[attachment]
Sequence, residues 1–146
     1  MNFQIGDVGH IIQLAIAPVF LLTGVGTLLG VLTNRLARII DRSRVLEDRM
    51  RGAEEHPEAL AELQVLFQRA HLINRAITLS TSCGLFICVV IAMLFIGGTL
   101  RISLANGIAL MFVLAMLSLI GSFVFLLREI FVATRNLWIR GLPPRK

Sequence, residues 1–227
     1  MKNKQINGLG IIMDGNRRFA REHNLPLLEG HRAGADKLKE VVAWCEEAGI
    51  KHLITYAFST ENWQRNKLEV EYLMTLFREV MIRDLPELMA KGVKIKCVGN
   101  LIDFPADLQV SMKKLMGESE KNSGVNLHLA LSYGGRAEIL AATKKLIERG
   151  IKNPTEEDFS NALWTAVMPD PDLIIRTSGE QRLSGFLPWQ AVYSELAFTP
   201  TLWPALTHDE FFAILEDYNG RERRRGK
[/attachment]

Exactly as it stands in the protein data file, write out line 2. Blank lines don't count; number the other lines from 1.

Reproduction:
     1  MNFQIGDVGH IIQLAIAPVF LLTGVGTLLG VLTNRLARII DRSRVLEDRM